Metanomics: 2010 & Next – Second Life, Virtual Worlds & the State of the Union

I attended the Metanomics series on virtual environments Tuesday afternoon; this epsiode was 2010 & Next – Second Life, Virtual Worlds and the State of the Union.  I observed the virtual broadcast via NMC Teaching island ( though the chat, audio and video were all available via the Metanomics website.

One of the panel members was Larry Pixel (RL: Larry Johnson, CEO of the New Media Consortium); my primary interest in the event was to listen to commentary regarding the future of virtual worlds (and perhaps Second Life in particular) within the education sector.  A few notes, comments and thoughts follow.

A quick summary?  I believe Second Life does and will continue to offer unique benefits that other platforms and technologies do not; I believe the capabilities provide value-added benefit to education beyond what other platforms may currently offer.  If at all possible, I believe educational institutions should maintain their presence in Second Life while exploring other platforms in parallel; I understand that an institution’s presence may need to be reduced to meet budgetary limitations, but I do not believe using the elimination of the educational discount as a reason to leave Second Life is a good or rational decision.

Future of Virtual Environments

Larry commented that an exciting aspect of Second Life several years ago was that, “We all thought we were part of something for/from the future.” (paraphrasing).
He was asked as a followup, “Is it still something of the future?”
Larry commented that he heard, “Does Second Life have a future?”  He believes it absolutely does, but it’s more of a mature technology though.  The future will not be as much Second Life as he may have once thought.  It’s an important technology, but it may not be more of the landscape than it currently is.

My thought was then and still is now that virtual environments simply are not going away, and they’ll be an increasing part of the online landscape as we move forward.  I agree with Larry in that the technology may move into the mainstream MUCH more slowly than early proponents thought it might.  For me, there’s three key aspects of virtual environments like Second Life. First, as Larry noted, the magic of the space is the co-location of individuals; the perception of presence of individual people together in the same space.  That’s not something the current, typical web interface and experience can duplicate.  Second, virtual environments like Second Life “bridge the gap” between game developers and those of us with other areas of expertise; it’s much more possible now for educators to create an immersive virtual experience than it ever has been.  Third, Larry commented that the content makes Second Life stand out from other environments; the quantity and quality of work being done in Second Life just doesn’t exist at the same scale on other platforms, currently.  Plus, in comparison to project solutions or endeavors within education or beyond, Second Life is relatively inexpensive by comparison to an order of magnitude of 5 to 10 times cheaper; it’s possible to build in Second Life what is not affordable through other solutions.  Finally, I personally believe the increasing availability of kinesthetic interfaces – like PS3 motion, Wii controllers, XBox Kinect – will eventually spur future use of virtual environments.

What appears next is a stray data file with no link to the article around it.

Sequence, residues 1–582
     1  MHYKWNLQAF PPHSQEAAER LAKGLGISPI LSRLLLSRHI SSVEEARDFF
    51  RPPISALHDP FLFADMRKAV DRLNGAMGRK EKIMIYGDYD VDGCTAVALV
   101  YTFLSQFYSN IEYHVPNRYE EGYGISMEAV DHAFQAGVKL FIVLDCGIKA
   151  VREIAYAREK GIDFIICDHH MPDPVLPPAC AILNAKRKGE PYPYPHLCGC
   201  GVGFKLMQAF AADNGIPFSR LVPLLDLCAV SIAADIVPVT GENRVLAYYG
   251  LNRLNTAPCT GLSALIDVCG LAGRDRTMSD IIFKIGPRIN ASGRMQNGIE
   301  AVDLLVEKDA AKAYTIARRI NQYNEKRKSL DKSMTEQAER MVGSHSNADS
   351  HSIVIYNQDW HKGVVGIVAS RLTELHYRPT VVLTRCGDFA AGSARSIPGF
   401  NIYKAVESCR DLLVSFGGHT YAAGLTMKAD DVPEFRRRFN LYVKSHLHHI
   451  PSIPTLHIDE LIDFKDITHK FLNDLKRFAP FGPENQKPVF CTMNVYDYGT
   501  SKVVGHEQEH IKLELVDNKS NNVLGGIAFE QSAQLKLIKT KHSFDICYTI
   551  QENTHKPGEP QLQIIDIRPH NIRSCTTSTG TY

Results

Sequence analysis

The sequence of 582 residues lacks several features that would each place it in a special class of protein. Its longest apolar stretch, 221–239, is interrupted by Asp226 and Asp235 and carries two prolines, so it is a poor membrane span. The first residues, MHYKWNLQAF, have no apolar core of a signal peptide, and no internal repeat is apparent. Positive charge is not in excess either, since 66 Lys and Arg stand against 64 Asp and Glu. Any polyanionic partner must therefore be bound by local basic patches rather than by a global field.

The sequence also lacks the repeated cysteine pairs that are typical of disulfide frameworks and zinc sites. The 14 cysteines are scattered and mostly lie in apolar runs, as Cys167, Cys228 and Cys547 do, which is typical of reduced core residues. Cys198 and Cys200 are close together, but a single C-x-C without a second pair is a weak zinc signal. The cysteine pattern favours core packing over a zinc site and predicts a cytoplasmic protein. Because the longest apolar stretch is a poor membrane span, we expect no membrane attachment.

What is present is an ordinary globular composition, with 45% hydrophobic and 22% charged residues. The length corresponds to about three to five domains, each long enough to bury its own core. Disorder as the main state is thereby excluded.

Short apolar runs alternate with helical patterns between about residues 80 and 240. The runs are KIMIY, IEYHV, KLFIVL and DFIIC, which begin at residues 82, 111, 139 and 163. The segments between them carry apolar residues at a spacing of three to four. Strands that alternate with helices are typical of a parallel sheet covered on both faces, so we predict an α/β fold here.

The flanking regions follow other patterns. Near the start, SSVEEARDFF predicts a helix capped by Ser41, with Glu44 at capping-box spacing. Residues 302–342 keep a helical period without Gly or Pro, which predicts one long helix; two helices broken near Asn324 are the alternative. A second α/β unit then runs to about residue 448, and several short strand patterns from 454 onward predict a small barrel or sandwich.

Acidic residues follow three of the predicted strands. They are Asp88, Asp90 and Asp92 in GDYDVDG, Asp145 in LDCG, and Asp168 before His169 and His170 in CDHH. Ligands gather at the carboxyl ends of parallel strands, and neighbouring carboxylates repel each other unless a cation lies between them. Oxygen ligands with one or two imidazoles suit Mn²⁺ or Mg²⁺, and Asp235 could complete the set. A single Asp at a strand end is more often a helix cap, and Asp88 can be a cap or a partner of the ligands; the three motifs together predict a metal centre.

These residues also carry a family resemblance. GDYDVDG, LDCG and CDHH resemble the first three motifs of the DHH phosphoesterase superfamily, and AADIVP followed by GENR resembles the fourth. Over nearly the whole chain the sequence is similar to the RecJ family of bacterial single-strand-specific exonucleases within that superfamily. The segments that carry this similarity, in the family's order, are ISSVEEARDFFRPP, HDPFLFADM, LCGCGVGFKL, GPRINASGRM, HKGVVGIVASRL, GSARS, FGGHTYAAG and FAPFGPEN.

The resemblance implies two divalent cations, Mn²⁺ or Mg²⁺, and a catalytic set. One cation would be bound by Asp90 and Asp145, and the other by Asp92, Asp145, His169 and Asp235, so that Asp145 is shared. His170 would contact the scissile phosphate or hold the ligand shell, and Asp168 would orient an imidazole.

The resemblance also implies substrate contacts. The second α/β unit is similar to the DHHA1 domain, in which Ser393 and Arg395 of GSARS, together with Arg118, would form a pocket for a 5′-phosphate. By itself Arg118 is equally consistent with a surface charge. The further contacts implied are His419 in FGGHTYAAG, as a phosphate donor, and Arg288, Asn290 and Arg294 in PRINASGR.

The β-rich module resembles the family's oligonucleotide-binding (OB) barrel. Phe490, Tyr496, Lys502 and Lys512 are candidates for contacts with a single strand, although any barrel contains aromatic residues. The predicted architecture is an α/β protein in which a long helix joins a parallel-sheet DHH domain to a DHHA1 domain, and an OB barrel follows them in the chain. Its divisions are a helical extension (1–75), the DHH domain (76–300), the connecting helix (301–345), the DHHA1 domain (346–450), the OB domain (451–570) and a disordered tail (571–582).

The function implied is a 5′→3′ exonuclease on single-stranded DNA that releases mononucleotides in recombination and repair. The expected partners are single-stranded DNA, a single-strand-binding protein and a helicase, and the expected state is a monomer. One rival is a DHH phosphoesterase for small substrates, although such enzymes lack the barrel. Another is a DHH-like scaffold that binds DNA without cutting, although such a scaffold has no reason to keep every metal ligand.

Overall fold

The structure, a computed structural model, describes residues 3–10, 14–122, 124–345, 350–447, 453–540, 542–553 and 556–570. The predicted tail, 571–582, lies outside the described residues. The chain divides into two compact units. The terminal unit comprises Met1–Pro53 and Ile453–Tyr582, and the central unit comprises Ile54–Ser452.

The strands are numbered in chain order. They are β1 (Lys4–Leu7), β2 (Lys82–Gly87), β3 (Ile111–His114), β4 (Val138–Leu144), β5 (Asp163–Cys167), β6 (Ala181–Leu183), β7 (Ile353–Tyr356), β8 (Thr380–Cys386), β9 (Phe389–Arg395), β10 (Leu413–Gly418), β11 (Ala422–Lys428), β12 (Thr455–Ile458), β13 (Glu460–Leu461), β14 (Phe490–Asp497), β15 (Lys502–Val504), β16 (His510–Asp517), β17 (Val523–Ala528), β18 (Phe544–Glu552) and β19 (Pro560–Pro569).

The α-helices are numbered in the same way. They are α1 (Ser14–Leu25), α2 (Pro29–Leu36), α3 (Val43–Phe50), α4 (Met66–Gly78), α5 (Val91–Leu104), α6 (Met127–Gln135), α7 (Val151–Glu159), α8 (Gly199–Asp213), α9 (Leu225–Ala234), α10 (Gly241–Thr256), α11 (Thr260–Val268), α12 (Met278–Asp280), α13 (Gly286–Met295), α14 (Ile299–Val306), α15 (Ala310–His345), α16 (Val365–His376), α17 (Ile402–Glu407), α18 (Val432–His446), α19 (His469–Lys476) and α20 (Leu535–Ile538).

Land Prices, Education & Second Life

Conversation turned pretty quickly to the announcement shortly after SLCC that discount for education and non-profits will be eliminated beginning in January 2011.  Terry Beaubois commented that it’s a matter of the economic times; Linden Lab is going through economic difficulties as well.  Larry seconded that thought with additional commentary.  Linden has taken a pounding in the marketplace; they’ve basically given education a subsidy for six years.  There should not have been an expectation that we deserve or are entitled to it.  Reality is that we are consumers; if we’re paying for any sort of other utility – we’re paying same as everyone else.  Admittedly, many projects will be hurt or hampered by the price increase, but the big projects will survive; they have individuals who can find or obtain additional funding.  NMC has focused on funding the smaller projects – to allow them to survive.  NMC has made arrangements to allow them to commit to their prices for the next two years for their sub-lessees of SL islands.

Alternatives to Second Life

There’s not much doubt that Linden Lab’s announcement regarding the education discount has spurred migration off of Second Life and lead to exploration of other platforms – particularly OpenSim, HyperGrid Business.  Pathfinder Lester has started the Hypergrid Adventurers Club which explores different OpenSim grids and spaces via Hypergridding.  The NMC has had OpenSim for roughly 18 months plus Second Life Enterprise Server; they’re exploring different platforms.  However, in Larry’s opinion, OpenSim is about 3 years behind Second Life in terms of community, development and content.  The NMC has decided to remain in Second Life, “If I’m going to be in a virtual world, I’d prefer one with the most utility.  That’s here [in Second Life].”  There’s too many people doing too many things extremely well.  With all of that said, exploring platforms is certainly encouraged.  Fleep Tuque commented that she “would encourage anyone seriously involved in Second Life to run their own OpenSim . . . You really should do it.  It’s a tremendous learning opportunity.”  She provides a step by step guide for OpenSim installation.